Perhaps It's a Wonderful Life is to blame. We tend to think of the holiday months as having an elevated suicide rate, and the media pushes that perception—but in fact, it's entirely wrong, researchers say. A University of Pennsylvania study of CDC data on suicide rates between 1999 and 2010 found that November, December, and January have the fewest daily suicides, while the spring and summer months have the most, USA Today reports. The year 2010 saw daily suicides peak at 111.3 in July and sink to 98.2 in December.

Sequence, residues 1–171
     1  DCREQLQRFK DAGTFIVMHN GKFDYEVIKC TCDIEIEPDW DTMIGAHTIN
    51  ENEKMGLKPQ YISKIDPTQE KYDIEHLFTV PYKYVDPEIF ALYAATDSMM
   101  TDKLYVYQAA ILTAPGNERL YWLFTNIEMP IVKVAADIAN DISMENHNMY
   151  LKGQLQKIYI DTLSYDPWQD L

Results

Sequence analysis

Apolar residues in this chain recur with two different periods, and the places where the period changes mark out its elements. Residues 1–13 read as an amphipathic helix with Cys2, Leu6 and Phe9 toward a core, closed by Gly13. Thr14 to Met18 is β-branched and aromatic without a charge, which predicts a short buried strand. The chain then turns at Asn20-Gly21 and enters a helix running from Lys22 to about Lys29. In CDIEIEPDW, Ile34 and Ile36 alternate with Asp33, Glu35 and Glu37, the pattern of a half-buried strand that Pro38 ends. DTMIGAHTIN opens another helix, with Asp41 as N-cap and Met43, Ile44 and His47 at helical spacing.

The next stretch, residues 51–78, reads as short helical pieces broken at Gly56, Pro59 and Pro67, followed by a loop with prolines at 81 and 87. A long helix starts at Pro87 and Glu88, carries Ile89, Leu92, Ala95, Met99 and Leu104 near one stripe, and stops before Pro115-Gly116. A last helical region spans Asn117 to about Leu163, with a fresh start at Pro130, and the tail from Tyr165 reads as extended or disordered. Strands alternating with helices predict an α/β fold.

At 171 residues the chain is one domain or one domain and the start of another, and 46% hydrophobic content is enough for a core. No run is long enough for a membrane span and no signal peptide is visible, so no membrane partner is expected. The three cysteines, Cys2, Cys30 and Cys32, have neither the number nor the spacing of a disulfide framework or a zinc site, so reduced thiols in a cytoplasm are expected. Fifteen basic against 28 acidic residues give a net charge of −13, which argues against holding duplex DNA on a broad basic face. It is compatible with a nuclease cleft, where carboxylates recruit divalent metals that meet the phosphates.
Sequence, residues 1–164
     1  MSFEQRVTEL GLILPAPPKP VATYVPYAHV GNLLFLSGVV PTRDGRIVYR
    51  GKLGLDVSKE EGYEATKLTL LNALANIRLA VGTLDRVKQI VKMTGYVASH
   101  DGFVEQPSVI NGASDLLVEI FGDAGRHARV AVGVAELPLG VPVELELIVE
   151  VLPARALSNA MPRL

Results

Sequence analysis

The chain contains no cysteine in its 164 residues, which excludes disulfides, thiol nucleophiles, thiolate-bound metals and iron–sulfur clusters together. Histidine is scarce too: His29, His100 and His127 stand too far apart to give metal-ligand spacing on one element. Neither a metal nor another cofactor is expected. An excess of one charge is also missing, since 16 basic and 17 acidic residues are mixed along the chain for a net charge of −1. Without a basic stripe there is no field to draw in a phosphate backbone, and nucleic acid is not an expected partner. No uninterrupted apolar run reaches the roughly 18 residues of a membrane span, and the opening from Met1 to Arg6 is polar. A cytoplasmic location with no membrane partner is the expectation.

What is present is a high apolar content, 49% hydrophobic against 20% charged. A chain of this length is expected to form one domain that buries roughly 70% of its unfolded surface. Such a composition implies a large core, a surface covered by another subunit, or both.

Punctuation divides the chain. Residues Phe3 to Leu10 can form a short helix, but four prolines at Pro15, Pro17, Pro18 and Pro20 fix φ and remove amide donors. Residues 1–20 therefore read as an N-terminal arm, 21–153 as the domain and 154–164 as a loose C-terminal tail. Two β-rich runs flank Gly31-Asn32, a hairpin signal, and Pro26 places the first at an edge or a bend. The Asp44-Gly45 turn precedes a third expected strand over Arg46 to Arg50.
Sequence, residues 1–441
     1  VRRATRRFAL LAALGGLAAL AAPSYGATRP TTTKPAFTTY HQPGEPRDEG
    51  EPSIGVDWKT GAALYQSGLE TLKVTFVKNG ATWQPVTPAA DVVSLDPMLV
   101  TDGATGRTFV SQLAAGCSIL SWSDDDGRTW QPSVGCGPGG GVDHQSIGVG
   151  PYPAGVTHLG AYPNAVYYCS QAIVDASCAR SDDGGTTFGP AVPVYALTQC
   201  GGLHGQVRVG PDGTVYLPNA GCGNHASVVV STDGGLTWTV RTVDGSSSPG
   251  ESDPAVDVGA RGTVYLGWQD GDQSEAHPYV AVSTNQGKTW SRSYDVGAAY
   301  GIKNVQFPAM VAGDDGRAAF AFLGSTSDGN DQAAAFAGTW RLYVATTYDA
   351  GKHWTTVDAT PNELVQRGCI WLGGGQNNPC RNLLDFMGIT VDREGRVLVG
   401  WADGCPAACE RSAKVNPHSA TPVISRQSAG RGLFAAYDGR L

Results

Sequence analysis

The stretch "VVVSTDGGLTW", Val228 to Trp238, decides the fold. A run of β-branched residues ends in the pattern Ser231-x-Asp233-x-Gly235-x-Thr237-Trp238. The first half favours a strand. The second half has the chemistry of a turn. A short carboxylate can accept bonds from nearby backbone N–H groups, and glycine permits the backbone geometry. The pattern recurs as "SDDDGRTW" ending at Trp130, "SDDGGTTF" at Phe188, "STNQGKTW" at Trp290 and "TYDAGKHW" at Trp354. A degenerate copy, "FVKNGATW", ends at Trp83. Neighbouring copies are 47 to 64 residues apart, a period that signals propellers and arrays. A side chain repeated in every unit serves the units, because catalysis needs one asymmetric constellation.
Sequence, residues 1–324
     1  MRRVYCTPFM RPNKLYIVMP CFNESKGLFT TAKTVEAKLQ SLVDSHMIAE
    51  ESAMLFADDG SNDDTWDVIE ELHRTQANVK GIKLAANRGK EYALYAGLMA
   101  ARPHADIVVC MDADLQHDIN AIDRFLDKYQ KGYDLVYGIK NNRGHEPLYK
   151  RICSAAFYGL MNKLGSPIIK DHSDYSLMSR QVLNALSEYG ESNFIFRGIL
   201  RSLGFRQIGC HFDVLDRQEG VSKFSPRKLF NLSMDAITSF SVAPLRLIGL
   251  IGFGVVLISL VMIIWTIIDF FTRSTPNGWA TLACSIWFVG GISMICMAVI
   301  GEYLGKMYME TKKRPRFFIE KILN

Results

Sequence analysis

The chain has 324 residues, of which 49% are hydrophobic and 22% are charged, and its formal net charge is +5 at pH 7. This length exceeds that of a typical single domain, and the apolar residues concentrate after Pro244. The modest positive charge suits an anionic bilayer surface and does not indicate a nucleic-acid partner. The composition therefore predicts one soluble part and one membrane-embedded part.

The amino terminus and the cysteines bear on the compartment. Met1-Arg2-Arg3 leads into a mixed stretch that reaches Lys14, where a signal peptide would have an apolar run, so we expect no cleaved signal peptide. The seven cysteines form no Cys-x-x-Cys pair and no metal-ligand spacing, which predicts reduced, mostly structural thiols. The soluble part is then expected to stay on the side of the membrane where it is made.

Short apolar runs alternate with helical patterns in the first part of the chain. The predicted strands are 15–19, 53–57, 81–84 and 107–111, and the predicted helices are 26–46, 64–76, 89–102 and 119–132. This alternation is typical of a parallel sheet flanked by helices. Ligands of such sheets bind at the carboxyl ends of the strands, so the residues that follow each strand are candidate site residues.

In 1999, 77% of media stories on the holidays and suicide wrongly said the rate increased at that time of year. When the Pennsylvania study first emerged, that figure dropped, but last year, it was up to 76% again. And the long-running myth can be dangerous for at-risk people, experts say. "An article that leads them to believe that it's normal for people in their situation to end their life may be just that little nudge that puts them over," says a suicide prevention advocate. It's time for the media to remind us there's hope, he says: "The number of people who positively adapt to life stresses far outweighs the number of people who do not."